Dick Meister: The real May Day

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By Dick Meister

May Day. A day to herald the coming of Spring with song and dance, a day for
children with flowers in their hair to skip around beribboned maypoles, a
time to crown May Day queens.

But it also is a day for demonstrations heralding the causes of working
people and their unions such as are being held on Sunday that were crucial
in winning important rights for working people. The first May Day
demonstrations, in 1886,  won the  most important of the rights ever won by
working people ­ the right demanded above all others by the labor activists
of a century ago:

"Eight hours for work, eight hours for rest, eight hours for what we will!"

Winning the eight-hour workday took years of hard struggle, beginning in the
mid-1800s. By 1867, the federal government, six states and several cities
had passed laws limiting their employees' hours to eight per day. The laws
were not effectively enforced and in some cases were overturned by courts,
but they set an important precedent that finally led to a powerful popular
movement.

The movement was launched in 1886 by the Federation of Organized Trades and
Labor Unions, then one of the country's major labor organizations. The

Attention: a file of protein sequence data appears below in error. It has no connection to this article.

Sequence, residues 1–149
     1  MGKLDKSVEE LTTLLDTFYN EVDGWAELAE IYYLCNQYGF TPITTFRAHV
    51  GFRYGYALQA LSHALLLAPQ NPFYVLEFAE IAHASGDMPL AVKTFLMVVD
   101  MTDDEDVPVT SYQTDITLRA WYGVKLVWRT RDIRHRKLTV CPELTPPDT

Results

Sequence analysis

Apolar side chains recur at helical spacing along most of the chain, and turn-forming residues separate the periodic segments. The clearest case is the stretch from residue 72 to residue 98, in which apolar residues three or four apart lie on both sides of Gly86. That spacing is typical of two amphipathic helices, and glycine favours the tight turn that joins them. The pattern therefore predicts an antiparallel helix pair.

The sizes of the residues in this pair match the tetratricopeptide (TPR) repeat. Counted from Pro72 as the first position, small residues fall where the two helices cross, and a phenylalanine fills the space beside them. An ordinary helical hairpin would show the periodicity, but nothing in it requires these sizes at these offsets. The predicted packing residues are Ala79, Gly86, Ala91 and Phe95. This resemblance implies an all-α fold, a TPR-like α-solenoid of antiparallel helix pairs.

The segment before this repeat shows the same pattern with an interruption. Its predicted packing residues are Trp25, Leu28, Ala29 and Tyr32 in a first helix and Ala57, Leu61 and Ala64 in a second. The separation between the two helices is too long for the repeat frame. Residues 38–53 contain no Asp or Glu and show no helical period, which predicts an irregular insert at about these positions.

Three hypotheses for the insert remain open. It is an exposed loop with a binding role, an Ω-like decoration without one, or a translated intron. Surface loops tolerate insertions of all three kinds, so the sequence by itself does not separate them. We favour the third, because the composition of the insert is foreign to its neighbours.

federation called for workers to negotiate with their employers for an
eight-hour workday and, if that failed, to strike on May 1 in support of the
demand.

Some negotiated, some marched and otherwise demonstrated.  More than 300,000
struck. And all won strong support, in dozens of cities ­ Chicago, New York,
Baltimore, Boston, Milwaukee, St. Louis, San Francisco, Pittsburgh, Denver,
Indianapolis, Cincinnati, Detroit, Washington, Newark, Brooklyn, St. Paul
and others.

More than 30,000 workers had won the eight-hour day by April. On May Day,
another 350,000 workers walked off their jobs at nearly 12,000
establishments, more than 185,000 of them eventually winning their demand.
Most of the others won at least some reduction in working hours that had
ranged up to 16 a day.

Additionally, many employers cut Saturday operations to a half-day, and the
practice of working on Sundays, also relatively common, was all but
abandoned by major industries.

"Hurray for Shorter Time," declared a headline in the New York Sun over a
story describing a torchlight procession of 25,000 workers that highlighted
the eight-hour-day activities in New York. Never before had the city
experienced so large a demonstration.

Not all newspapers were as supportive, however. The strikes and
demonstrations, one paper complained, amounted to "communism, lurid and
rampant." The eight-hour day, another said, would encourage "loafing and
gambling, rioting, debauchery, and drunkenness."

The greatest opposition came in response to the demonstrations led by
anarchist and socialist groups in Chicago, the heart of the eight-hour day
movement. Four demonstrators were killed and more than 200 wounded by police
who waded into their ranks, but what the demonstrators¹ opponents seized on
were the events two days later at a protest rally in Haymarket Square. A
bomb was thrown into the ranks of the police who had surrounded the square,
killing seven and wounding 59.

The bomb thrower was never discovered, but eight labor, socialist and
anarchist leaders ­ branded as violent, dangerous radicals by press and
police alike ­ were arrested on the clearly trumped up charge that they had